The Folly of Disarmament

20111015_39  In February of 1838, the Boer leader Piet Retief, at the head of 100 men, to include his son, crossed into the Zulu territory of South Africa to effect a treaty to purchase land from the Zulu King Dingane. On February 4, the treaty was presented to Dingane, but it was not signed until February 6. After the signing of the treaty, the group was invited to a farewell dance, and were asked to leave their weapons outside the royal enclosure or kraal. When the dance had reached a frenzy, King Dingane leaped to his feet, and shouted to his warriors to overpower Piet’s men. The vastly outnumbered Boers were overcome and dragged to a nearby hill, where the entire group was savagely butchered, and their bodies left for wild animals to devour. Some 500 of Piet’s followers were encamped nearby, the majority of them women and children. In the early morning hours of 17 February, thousands of Zulu warriors attacked the encampment, slaughtering every man, woman, and child, sparing no one.

The Boers went on the offensive. When a Boer force of 436 men led by Andries Pretorius was attacked by 10,000 Zulus at what came to be called Blood River, during the early morning hours of 16 December 1838, the Boers were prepared. By nightfall, 3,000 Zulus had been killed, at the cost of 3 wounded Boers. The Zulus never fully recovered.

Now, there are some lessons to be learned from such historical events. The first is that disarming before one’s enemies is fraught with danger. Not only was Piet’s group slaughtered, but his unsuspecting followers were massacred as well, lulled into a false sense of security by relying on some supposed treaty being entered into by their leader. A people ought never be fooled by leaders who foolishly, or through evil intent, seek to disarm them and their armed forces. And finally, those intent upon the destruction of a free people will understand deterrence, this only in the force of arms and superior weaponry. The Boers, with their firearms, had superior weaponry, when contrasted with the spears of the Zulu warriors.

So it has been for the United States, in the arena of nuclear arms. In 1967, the United States had superiority in the nuclear arena, by virtue of an arsenal containing over 30,000 nuclear warheads. This president entered into an unnecessary treaty (New Strategic Arms Reduction Treaty) with Russia in 2010, promising to deploy no more than 1,500 nuclear warheads. Russia is no longer the super power she once was! In so doing, he weakened our nation and strengthened Russia, attaching to her a military and political importance which increases day by day thanks to this president. One feels as if to cry out, “Mr President, past presidents longed to see the day when the Soviet Empire would be no more! Why weaken us, why take us down to her level? Why strengthen her?” He has announced his intention to lower our nuclear arsenal to 1,000 nuclear warheads and if allowed he will go further in keeping with his threat (yes threat) to show the rest of the world that we can be a nation without nuclear weapons; this, when it is but a matter of time before Iran and other rogue nations become possessors of nuclear warheads! This at a time when China is gearing up for military superiority and possible military conflict; this at a time when our nuclear arms control partner, Russia, has its hands in the Syrian Conflict, standing behind those who will oppose those this administration intends to support.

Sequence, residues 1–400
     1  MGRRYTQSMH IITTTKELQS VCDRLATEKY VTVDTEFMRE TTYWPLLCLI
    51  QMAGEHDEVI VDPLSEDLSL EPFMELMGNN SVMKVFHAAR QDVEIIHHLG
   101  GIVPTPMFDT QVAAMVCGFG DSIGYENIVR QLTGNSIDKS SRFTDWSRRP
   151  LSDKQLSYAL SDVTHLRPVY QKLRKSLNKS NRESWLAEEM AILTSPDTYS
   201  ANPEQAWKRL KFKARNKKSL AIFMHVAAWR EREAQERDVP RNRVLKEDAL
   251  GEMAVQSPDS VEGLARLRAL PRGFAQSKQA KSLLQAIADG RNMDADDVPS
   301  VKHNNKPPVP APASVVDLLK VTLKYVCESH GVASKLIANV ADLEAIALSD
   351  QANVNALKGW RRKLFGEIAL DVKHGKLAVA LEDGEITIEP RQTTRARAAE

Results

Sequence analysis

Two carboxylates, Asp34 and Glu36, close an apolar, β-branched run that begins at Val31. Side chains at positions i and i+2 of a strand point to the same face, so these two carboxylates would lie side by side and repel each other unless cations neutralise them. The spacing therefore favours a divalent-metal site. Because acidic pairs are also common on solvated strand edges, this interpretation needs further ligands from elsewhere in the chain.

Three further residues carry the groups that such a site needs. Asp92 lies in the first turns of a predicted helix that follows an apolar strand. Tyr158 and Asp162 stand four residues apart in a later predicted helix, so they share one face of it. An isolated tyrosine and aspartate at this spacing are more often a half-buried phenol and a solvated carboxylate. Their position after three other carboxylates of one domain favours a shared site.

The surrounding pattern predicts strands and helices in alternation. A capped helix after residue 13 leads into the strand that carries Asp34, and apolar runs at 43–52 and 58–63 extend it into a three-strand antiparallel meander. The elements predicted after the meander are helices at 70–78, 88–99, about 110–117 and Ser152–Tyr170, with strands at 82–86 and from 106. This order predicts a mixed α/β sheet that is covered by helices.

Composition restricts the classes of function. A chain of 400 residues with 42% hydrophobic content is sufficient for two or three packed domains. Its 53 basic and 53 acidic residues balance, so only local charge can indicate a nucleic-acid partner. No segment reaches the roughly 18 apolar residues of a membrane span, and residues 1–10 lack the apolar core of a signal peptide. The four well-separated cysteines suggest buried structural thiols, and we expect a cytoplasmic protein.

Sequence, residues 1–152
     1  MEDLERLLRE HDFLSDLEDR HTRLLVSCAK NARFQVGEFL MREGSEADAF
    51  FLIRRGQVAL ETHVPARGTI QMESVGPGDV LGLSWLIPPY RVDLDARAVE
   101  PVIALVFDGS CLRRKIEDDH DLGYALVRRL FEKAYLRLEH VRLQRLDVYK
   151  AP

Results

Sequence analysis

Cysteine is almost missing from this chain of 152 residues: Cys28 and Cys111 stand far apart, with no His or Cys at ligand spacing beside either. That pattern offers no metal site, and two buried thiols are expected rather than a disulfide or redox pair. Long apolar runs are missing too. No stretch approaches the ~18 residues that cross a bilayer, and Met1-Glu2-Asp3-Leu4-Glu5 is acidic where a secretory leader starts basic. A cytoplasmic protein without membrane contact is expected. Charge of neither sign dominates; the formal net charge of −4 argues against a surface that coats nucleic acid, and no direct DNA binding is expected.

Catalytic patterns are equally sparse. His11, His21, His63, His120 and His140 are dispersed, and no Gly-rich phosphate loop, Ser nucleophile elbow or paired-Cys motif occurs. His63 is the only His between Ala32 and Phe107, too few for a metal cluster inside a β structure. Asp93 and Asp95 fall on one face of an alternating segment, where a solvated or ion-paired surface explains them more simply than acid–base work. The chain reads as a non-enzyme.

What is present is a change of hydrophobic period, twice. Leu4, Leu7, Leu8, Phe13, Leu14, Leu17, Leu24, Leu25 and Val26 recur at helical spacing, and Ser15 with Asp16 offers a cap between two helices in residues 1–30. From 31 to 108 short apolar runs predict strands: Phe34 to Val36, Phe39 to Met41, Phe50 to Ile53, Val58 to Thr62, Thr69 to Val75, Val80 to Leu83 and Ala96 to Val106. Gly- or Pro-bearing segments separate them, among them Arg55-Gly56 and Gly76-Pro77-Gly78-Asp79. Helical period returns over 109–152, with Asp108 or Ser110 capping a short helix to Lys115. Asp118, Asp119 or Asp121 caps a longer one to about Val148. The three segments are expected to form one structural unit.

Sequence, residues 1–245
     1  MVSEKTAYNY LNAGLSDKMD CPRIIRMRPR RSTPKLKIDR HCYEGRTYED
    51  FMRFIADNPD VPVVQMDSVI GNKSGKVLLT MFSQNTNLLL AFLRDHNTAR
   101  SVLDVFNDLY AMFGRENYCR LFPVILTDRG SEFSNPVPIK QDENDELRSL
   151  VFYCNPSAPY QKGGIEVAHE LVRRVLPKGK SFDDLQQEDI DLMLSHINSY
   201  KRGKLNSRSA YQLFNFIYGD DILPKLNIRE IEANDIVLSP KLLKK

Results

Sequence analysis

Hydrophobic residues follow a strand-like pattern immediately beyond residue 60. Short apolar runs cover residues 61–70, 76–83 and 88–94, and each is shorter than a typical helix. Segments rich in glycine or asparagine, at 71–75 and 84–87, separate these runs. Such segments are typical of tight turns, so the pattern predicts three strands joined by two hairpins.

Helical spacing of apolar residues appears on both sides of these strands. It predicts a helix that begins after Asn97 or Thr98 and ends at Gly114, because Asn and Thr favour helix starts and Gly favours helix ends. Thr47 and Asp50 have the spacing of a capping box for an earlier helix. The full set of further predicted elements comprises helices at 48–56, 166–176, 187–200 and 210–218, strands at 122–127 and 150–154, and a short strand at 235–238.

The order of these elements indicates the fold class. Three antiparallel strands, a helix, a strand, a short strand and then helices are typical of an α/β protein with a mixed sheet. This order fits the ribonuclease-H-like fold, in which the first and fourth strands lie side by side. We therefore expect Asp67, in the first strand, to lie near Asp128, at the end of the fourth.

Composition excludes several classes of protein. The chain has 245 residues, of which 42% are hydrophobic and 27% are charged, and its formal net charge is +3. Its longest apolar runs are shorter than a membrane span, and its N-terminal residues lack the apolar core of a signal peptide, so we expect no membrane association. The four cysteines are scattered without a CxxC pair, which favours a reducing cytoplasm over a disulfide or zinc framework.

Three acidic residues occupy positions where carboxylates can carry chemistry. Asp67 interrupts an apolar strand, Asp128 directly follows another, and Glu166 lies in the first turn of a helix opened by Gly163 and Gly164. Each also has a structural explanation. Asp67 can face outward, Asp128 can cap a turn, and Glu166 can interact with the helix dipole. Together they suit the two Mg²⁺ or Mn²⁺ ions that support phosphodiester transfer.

How does one tell this president that with Russia, China, India, Pakistan, and North Korea modernizing or expanding their nuclear arsenals, and with Iran aggressively attempting to join the group, that this is no time to weaken our defensive capabilities in the nuclear arena?

Can our military leaders report as positively to our current secretary of defense, Chuck Hagel, as did the 82nd Airborne Division’s General Maxwell Taylor to Robert McNamara, during the Cuban Missile Crisis? General Taylor’s message was, “We have the strategic advantage in our general war capabilities. This is no time to run scared!”

The answer is an emphatic NO! Through the foolish meanderings of inept leaders, this country is declining militarily while the world around us is arming itself. We are led by those who have never served in the armed forces, and who, having never been in conflict are not capable of understanding the superiority of our firearms over our opponent’s spears! How easily they cast away our advantages! We are led by those who assume, like Britain’s Neville Chamberlain that evil men will capitulate as we disarm. Just prior to World War II, Chamberlain declared, “My good friends, for the second time in our history, a British Prime Minister has returned from Germany bringing peace with honour. I believe it is peace for our time…Go home and get a nice quiet sleep.” While Neville Chamberlain was sleeping, the terrible conflagration which immediately followed his speech cost began, in the end snuffing out an estimated 60,000,000 lives.

George H.W. Bush, who in 1941 became the youngest aviator in the United States Navy, survived to become the last U S President to have had war time experience. Thus he spoke as one who knew, when he declared in 1988 that, “weakness and ambivalence lead to war.” There is peace in strength. How often do people insult the likes of a Mike Tyson? Weakness and servile bowing before our enemies only encourages them. We need to take to heart George Washington’s counsel, which history has proven again and again to be right. “To be prepared for war,” he said, “is one of the most effective means of preserving peace.”